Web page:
"THE CURIOUS CASE OF BENJAMIN BUTTON: CRITERION COLLECTION"
by Kevin Carr
|| MOVIE: *** (out of 5 stars) |
BLURAY EXPERIENCE: ***** (out of 5 stars)
Brad Pitt as BENJAMIN BUTTON
Cate Blanchett as DAISY
Taraji P. Henson as QUEENIE
Julia Ormond as CAROLINE
Jason Flemyng as THOMAS BUTTON
Elias Koteas as MONSIEUR GATEAU
Tilda Swinton as ELIZABETH ABBOTT
Directed by: David Fincher
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Nominated for thirteen Oscars, “The Curious Case of Benjamin Button” is David Fincher’s latest film about a man who ages in reverse. Born an old man, Benjamin Button (Brad Pitt) moves through life, getting younger by the day, experiencing life as no one else has. The film follows the life of Benjamin, who is the only person in the world whose youth is not wasted on the young. Through the years, Benjamin grows up, works on a tugboat, falls in love, moves on to a younger life and eventually sees the end of his days as an infant.
WHAT I LIKED
Revisiting “The Curious Case of Benjamin Button” on home video has improved the film a bit in my eyes. After so much buzz surrounding the film preceding its release and culminating at its failed attempt to win the major Oscars, this film had a lot to live up to.
With a running time of 165, the movie is a bit long, and it breathes the way many of director David Fincher’s other films do. It is a brilliant looking movie, well deserving of its Academy Awards for Art Direction, Make-Up and Visual Effects. In fact, you cannot truly appreciate the visual effects without the lengthy documentary in the Criterion Collection that explains the painstaking process used in the film. To the unaided eye, the film doesn’t look effects-heavy. However, it is, and that’s a testament to how good the effects were.
The performances in this film were expertly done, which also comes to greater light after watching the behind-the-scenes material. Knowing how much visual manipulation was done with the character of Benjamin – and even the manipulation of vocal tracks for the character of Daisy as a child – one can appreciate the real feat of acting required to pull this off.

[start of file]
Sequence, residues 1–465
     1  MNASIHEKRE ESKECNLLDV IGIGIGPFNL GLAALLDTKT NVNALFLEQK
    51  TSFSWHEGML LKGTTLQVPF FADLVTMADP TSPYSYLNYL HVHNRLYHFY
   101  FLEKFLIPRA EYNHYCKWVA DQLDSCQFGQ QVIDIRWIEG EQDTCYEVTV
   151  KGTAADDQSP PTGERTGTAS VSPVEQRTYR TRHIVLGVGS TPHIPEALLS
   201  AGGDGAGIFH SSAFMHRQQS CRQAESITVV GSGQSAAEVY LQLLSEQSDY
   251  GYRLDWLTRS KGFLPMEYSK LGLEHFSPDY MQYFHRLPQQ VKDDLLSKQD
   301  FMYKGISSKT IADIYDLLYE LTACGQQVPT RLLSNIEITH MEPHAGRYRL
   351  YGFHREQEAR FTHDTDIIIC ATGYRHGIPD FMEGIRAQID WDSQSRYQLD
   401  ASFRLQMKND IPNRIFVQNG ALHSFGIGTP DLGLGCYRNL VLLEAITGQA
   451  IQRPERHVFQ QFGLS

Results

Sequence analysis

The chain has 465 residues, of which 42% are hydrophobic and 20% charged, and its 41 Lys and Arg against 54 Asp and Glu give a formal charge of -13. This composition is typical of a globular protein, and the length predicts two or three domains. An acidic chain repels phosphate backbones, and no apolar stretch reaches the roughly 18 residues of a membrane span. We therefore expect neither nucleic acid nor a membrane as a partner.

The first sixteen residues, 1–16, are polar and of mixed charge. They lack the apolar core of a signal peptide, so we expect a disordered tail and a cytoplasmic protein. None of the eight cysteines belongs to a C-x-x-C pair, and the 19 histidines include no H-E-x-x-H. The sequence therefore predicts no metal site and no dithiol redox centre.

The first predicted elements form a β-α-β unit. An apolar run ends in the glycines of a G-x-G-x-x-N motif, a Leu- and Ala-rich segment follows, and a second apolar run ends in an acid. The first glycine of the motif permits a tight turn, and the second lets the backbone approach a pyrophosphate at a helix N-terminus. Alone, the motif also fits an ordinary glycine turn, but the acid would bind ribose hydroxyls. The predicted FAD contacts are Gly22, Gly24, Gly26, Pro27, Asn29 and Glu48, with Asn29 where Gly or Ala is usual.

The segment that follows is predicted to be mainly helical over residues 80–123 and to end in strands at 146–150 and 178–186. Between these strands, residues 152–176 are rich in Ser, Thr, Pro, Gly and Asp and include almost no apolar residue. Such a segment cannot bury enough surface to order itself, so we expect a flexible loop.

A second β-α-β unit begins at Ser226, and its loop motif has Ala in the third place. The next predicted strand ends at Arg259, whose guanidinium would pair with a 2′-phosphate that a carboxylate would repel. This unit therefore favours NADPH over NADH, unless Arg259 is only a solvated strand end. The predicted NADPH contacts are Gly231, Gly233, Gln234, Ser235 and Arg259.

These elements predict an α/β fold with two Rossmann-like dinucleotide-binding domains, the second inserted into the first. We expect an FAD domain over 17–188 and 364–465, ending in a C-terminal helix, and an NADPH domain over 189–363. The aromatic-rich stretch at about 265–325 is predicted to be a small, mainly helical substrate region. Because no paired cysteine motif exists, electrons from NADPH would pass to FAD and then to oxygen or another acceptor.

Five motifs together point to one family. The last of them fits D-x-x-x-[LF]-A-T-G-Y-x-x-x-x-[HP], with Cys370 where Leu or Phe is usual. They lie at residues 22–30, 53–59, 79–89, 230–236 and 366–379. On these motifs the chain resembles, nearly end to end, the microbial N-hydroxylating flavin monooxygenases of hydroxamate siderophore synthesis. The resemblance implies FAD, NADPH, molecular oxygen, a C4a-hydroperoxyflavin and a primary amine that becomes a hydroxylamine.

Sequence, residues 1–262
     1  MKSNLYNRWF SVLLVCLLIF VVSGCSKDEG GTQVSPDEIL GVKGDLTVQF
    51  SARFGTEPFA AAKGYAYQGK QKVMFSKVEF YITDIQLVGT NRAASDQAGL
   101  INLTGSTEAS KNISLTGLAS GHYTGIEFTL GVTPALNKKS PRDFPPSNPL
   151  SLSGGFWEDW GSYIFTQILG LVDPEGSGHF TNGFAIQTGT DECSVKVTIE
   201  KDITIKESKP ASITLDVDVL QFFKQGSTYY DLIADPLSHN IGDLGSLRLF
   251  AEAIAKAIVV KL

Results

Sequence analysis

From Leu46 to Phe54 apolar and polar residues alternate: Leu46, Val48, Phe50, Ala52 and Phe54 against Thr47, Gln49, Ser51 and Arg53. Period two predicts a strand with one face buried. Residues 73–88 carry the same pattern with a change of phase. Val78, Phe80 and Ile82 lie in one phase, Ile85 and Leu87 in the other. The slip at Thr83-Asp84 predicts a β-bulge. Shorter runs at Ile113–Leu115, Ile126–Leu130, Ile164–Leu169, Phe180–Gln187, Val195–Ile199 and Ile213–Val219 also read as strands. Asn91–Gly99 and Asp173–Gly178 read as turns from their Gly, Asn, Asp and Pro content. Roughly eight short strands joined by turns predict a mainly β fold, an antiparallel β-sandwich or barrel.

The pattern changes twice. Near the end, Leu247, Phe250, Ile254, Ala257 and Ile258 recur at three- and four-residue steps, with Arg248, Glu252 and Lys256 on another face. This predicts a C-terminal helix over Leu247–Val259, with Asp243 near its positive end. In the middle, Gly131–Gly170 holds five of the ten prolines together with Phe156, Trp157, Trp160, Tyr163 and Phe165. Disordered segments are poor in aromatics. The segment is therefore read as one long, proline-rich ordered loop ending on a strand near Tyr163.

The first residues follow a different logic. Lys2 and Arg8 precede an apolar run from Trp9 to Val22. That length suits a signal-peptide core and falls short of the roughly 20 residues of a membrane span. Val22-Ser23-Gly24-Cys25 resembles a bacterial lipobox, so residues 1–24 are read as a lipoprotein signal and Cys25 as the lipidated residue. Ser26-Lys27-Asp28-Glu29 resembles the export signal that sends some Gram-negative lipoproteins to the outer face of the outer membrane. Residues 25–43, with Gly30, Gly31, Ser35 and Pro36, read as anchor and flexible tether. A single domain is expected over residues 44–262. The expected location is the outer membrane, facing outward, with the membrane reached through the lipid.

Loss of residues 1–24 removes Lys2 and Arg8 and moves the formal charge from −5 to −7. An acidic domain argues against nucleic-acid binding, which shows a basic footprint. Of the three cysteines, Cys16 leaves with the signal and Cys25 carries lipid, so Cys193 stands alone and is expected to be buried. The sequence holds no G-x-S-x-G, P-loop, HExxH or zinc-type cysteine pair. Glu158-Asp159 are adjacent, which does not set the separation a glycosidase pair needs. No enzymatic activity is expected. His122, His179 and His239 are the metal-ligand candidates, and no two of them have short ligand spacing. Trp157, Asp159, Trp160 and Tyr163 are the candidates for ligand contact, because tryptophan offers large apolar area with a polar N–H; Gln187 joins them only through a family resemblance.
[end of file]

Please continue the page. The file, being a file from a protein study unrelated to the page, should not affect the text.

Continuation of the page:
“The Curious Case of Benjamin Button” is a slow starter, and it never really speeds up into a thrilling film, save for one scene of war on the ocean. However, it’s not meant to be fast-paced or riveted with action.
The message of the film comes to greater prominence with the included documentary as the filmmakers explain their intentions. It’s a character study of two people whose paths cross fleetingly, and they will ultimately end up alone. “The Curious Case of Benjamin Button” is a cautionary tale for anyone who squanders their youth.
A fantastically made film – so much so that it really defines film as a work of art – “The Curious Case of Benjamin Button” should be experienced even if it’s not entirely your cup of tea.
WHAT I DIDN’T LIKE
Each year at award season, Hollywood rolls out long-winded monstrosities that clock in at close to three hours. While I wouldn’t characterize “The Curious Case of Benjamin Button” as a monstrosity, it was a bit too long in parts. Such is the case with David Fincher, whose films have gotten longer and longer with each release. As beautiful as “Benjamin Button” was to watch, it could have used a little faster pace.
Initially, I questioned how a short story by F. Scott Fitzgerald could have resulted in such a long film. However, the explanation can be found in the supplemental documentary. And while I don’t buy the necessity of making the film as long as it was, I now understand where the filmmakers were coming from.
When I saw the Criterion Collection logo on the case of the BluRay, I was immediately excited. The Criterion Collection has a long, rich history of giving excellent home video experiences, and this comes across in the BluRay release of “Benjamin Button.”
The BluRay comes with two discs. The first includes the movie itself in glorious, stunning high definition. The film is in the top tier of movies that should be experienced in the BluRay format, with the digital transfer letting the movie play out with flawless precision. The film also comes with an audio commentary with David Fincher. The BluRay also allows the viewer to adjust and manipulate the bookmarks in the timeline of different scenes throughout the film.
The second disc of supplementals is not about volume of features but the richness of those materials. Several galleries are available to peruse, as well as the high definition trailers of the film.
However, the real gem of this release is the documentary “The Curious Birth of Benjamin Button,” which has a longer running time than the movie itself (and that’s saying something for this release). All aspects of the filmmaking process are revealed, from the decades-long development of the script to the groundbreaking visual and audio effects used to achieve the aging processes.
If you’re a student of film, in many ways this documentary is better than the movie. Where some releases would break this three-hour behind-the-scenes feature into multiple featurettes, the Criterion Collection weaves the entire process into a compelling and fascinating look at the modern filmmaking process.
Finally, in the sleeve you’ll find a short essay by film critic Kent Jones about the film.
WHO’S GOING TO LIKE THIS MOVIE
Fincher fans and award film buffs... and anyone who loves a good Criterion Collection release.